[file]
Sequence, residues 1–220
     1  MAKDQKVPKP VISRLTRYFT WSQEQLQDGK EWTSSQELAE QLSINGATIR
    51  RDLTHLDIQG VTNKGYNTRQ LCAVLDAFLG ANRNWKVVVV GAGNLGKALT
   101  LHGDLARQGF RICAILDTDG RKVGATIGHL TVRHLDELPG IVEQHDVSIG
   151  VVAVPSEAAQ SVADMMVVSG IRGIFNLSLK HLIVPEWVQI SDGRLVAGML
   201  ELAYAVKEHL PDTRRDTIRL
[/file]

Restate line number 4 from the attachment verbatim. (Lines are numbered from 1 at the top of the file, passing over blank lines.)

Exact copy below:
   101  LHGDLARQGF RICAILDTDG RKVGATIGHL TVRHLDELPG IVEQHDVSIG